magicians, puppets, bagpipes, child fiddlers, and more.
Sunday morning at 8 am is the 5K/10K Run with the Alewives. This year’s main music event is Boston’s
Chris Fitz Band. Singer Holly Cameron from Boston will join them. It’s a blues band with the ability
to appeal to a large cross section of music fans. They will be on stage Sunday night, May 28at the
Lincoln Theater in Damariscotta at 7:00 pm. Get your tickets early by contacting Bobby Whear at
441-2313 or Alewives Fabrics at 207.563.5002 or Milling Around in Newcastle 207.563.1210.
Best of all ~ see the Alewives and Restoration Work.
For more festival details, see the website at www.damariscottamills.org
|FRIDAY, June 2nd
|“Role of Ship’s Navigator in the 1600s & 1700s”
Jeff Miller, historian and man-of-many-historical-skills, will reveal how the captain navigated a
wooden ship through relatively unknown waters using instruments developed 500 hundred years ago.
How did the seafarers know where they were going? When did navigators start to use latitude and
longitude to find their way? This program will explain how the ship’s navigator used an Astrolabe,
cross-staff, quadrant, back staff, sextant or octant to determine navigation information to cross
vast oceans and go around continents. Miller will show reproductions of several of these navigational
tools, along with the Society’s instruments.
|JULY and AUGUST 2017
JULY 1, 8, 15, 22, 29
AUGUST 5, 12, 19, 26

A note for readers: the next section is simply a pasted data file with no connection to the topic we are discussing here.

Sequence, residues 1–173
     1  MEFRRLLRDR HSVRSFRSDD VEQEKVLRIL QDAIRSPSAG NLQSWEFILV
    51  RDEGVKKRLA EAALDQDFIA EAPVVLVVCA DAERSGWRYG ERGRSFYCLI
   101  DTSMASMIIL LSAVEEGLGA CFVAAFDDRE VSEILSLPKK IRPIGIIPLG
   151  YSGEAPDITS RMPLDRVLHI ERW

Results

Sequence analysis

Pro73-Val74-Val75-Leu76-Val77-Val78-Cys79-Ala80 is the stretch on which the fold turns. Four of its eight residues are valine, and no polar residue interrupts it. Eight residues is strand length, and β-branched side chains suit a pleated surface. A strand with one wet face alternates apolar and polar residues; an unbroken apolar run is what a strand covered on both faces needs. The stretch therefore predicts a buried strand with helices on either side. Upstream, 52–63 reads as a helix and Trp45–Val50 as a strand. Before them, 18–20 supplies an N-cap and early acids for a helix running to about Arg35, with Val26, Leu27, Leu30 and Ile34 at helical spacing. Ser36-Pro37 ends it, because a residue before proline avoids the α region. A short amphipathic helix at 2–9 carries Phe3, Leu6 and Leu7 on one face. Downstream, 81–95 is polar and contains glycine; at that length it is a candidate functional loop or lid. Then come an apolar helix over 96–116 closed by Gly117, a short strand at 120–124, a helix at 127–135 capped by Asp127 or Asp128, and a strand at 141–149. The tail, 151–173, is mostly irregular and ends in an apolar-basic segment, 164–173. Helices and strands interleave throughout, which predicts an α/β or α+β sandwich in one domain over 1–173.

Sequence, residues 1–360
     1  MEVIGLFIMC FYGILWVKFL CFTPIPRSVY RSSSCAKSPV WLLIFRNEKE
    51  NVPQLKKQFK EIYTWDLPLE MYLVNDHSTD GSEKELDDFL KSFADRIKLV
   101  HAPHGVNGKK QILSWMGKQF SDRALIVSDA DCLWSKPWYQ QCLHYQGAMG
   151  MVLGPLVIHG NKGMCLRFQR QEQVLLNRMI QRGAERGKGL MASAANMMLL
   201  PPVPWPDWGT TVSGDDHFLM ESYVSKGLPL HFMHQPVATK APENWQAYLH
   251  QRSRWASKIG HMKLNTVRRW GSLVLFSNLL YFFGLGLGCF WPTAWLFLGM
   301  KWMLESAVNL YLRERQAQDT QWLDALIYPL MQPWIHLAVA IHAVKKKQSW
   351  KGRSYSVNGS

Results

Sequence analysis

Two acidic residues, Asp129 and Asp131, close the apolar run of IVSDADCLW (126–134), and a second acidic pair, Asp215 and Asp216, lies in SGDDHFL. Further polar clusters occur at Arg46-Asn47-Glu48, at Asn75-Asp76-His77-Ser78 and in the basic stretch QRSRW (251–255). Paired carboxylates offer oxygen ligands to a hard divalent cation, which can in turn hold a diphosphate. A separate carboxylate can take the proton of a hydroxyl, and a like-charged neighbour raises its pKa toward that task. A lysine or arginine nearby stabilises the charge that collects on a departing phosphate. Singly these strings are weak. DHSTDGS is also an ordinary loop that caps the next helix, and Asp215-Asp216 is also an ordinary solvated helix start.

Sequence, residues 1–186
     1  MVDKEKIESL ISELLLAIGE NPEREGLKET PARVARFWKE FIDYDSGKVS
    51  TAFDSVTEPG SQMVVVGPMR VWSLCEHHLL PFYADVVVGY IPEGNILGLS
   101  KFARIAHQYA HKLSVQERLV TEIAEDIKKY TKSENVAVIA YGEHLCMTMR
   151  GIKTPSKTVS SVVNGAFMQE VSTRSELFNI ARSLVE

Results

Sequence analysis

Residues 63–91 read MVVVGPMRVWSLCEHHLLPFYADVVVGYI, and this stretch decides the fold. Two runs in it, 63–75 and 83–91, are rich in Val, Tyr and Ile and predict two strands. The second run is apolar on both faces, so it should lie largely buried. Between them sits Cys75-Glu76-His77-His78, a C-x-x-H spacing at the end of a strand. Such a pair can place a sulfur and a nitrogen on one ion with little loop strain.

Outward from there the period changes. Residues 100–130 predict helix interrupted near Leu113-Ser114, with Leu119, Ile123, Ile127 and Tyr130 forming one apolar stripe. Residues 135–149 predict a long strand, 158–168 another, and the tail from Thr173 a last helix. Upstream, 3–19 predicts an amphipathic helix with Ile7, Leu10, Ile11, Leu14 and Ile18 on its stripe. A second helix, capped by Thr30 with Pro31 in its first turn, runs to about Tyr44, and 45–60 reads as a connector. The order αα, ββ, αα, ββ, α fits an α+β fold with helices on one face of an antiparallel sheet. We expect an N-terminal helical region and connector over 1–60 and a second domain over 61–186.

Nobleboro Historical Society
|HISTORICAL CENTER OPEN HOUSES
1:30 to 4:30 P.M.
A volunteer will answer your questions. Genealogy materials are available for study. The
museum is interesting for all ages – and it’s free. Maps, books and other memorabilia are
|SATURDAY, SEPTEMBER 30TH
Nobleboro Central School and
Nobleboro Historical Society
10 to 2
Nobleboro Central School & Historical Center
Enjoy the homemade apple goodies and turkey salad sandwiches, apples & cider from Beth's Farm and
Fondy’s donuts. There are Kieve games and activities for kids, NCS 8th grade class food table and
tables for local businesses and nonprofits.
Enjoy the toe-tapping Damariscotta Lake Country Band, over 70 silent auction items, and creative
crafts – with unique lobster claw witches. It’s a chance to see your friends and neighbors and to
relax and chat.
Proceeds benefit NHS Scholarship Program and the School.
Tell your friends and join the fun!
|SATURDAY, OCTOBER 28TH
|“The Role of a Rail Line in the
Mechanization of Lumbering in Maine”
Terry Harper’s talk features the history and people of the famous 1926-1933 rail line from ‘nowhere
to nowhere’ in the Allagash wilderness and its place in the early mechanization of Maine’s northern
forest from horses, to Lombard log haulers to tramways to trains – and Terry Harper’s role in the
effort to preserve it.
|FRIDAY, NOVEMBER 17TH
|“Two Princes of Maine
Capt. Joseph C. Hopkins
and Capt. Elisha Crooker”
Carolyn Hardman has been working with the Nobleboro Central School students learning about Capt.
Two of our forbearers – Capt. Hopkins grew up in Nobleboro and captained ocean ships at the height
of Maine's wooden ship era in 1800s. His great-grandfather, Capt. Elisha Crooke. a soldier
in the 1700s, fought the Native Americans on the Kennebec, French in Montreal, British under
Gen. Washington, and settled in Lincoln County.
Programs from previous years